Back in the UK, Mosley planned an audacious and inflammatory march through London's East End, a route which would take his blackshirts through the middle of Stepney, Whitechapel, and Bow – areas almost entirely populated by poor Jewish immigrants. For Mosley, who had drawn a crowd of more than 20,000 to an earlier rally in 1934 at Olympia, the East End march was clearly meant as an intimidation play - a gleeful and glorious celebration of the fourth anniversary of his founding of the BUF. But he had made a wild miscalculation.

The morning of 4 October 1936 dawned with a sense of anticipation. Newsreels from the time show an intimidating crowd of 5,000 fascists, with their sinister black low-rent-SS uniforms, turned out to join Mosley on his march. 

But Mosley had severely underestimated the organising capacity of the burgeoning anti-fascist movement that was growing up in opposition to his ideas. A coordinated leafletting campaign had taken place, which, combined with newspaper and newsreel attention, meant that there were few in East London who were unaware of, or unprepared for, the day of the march.

By the time Mosley's men assembled in Shoreditch, a truly vast crowd had assembled across the East End to stop them. Estimates of its size vary wildly from the tens to the hundreds of thousands; according to some sources as many as quarter of a million Jews, Communists, anti-fascists, union members, Catholic dock-workers, local residents, and many more who just came to see what would happen, flocked to the route of the march. Among them, somewhere in the crowd, was my grandfather, linked arm-in-arm with his friends. He was 20 years old. 

The Communist Party was key in organizing the counter-protest, and the rallying-cry for the counter-protesters was borrowed from the Spanish civil war: no parasan, meaning: they shall not pass.

More than 6,000 police officers, many on horseback, were deployed to prevent violence, but, vastly outnumbered, they were unable to clear the makeshift barricades and the people standing arm-in-arm from the street. The march ground to a halt and swiftly dissolved into a riot.

The embattled police tried to redirect Mosley down nearby Cable Street, but the crowd overturned a goods lorry to block their path, and a pitched battle ensued. From the upper windows of the tenement houses along the street, people threw rotten fruit and vegetables, and even emptied the foul contents of their chamber-pots, over the now-trapped blackshirts. As shit rained down, the fascists fought back with sticks, stones, and anything else they could find.

After a series of pitched battles, Mosley was forced to call off the march. At least 150 people had been injured in the brawl.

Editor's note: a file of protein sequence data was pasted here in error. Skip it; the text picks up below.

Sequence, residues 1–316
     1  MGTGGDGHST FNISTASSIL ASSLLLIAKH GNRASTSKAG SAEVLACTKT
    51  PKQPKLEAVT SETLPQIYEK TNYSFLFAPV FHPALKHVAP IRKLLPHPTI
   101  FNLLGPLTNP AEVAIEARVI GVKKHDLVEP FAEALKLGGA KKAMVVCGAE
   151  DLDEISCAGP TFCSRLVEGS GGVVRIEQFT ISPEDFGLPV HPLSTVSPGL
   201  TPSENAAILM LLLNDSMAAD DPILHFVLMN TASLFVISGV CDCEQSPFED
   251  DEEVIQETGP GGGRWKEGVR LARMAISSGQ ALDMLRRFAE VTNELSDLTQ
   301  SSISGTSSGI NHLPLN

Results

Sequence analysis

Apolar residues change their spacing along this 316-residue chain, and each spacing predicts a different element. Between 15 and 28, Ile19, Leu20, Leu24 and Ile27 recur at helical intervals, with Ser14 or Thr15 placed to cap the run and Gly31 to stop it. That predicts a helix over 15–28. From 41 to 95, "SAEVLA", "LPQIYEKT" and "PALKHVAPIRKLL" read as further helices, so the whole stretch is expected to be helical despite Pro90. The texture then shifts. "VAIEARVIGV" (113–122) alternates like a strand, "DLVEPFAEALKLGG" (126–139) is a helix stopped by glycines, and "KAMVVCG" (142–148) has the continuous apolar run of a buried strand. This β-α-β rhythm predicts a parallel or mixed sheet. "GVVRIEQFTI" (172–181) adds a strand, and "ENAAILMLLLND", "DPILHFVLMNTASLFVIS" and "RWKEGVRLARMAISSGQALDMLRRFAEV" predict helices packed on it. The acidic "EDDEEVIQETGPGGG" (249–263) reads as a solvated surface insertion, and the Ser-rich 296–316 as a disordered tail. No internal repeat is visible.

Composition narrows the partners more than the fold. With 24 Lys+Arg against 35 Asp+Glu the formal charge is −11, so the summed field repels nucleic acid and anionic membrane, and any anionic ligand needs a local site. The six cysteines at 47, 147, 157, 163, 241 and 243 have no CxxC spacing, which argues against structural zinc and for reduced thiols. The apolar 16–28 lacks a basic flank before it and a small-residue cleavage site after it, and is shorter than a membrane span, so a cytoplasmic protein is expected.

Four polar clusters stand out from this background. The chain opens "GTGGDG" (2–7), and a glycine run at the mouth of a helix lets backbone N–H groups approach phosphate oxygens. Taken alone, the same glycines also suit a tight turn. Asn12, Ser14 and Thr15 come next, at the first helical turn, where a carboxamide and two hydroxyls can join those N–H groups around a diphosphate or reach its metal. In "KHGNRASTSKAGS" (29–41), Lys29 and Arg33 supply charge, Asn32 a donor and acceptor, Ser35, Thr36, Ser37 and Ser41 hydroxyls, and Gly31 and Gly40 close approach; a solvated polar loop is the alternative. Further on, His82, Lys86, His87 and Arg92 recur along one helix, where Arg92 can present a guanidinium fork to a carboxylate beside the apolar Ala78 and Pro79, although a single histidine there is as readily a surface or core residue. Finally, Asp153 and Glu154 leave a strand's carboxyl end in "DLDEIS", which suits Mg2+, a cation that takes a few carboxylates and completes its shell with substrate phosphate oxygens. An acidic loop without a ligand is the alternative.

“I was moved to see bearded Jews and Irish Catholic dockers standing up to stop Mosley,” historian Bill Fishman, who witnessed the battle, said at a 2006 event commemorating its 70th anniversary. “I shall never forget that as long as I live, how working-class people could get together to oppose the evil of fascism.”

Cable Street didn't stop fascism in Britain - the outbreak of war, and the accompanying internment of Mosley and his lieutenants as possible enemy collaborators, did that. But it stopped their momentum, their confidence that power was almost within their grasp. The defeat showed them - showed everyone - that there was an opposition, and more, that the Nazis didn't hold the monopoly on intimidation. They too could be made to feel fear.

The echoes of Cable Street are crystal clear in the events this weekend in Charlottesville. Terms like “alt-right” and “white nationalist” are often chosen by journalists to cover these groups, but let's not mince words: Nazis again marched through the streets this weekend. The police were powerless to stop them. They were powerless to prevent the death of Heather Heyer. And the situation in America seems likely only to get worse. Spencer, who was one of the leaders of the Nazis in Charlottesville, announced that he is planning another march, this time in Texas, next month.

Enough has been written already about the need to stay above the baser instincts of mob violence and revenge. Let the Nazis call for lynching; we're better than that, but if I'm honest I can't summon much bile for the Antifascists who decide that Nazi violence should be met in kind.

Perhaps, in the wake of Charlottesville, the story of Cable Street teaches us that, in troubled times like these, it may be good to fill a chamber-pot or two for when the Nazis march again; or that the time will come when we, like my grandfather did, must stand together with arms linked and tell them: they shall not pass.

Nicky Woolf is a freelance writer based in the US who has formerly worked for the Guardian and the New Statesman. He tweets @NickyWoolf.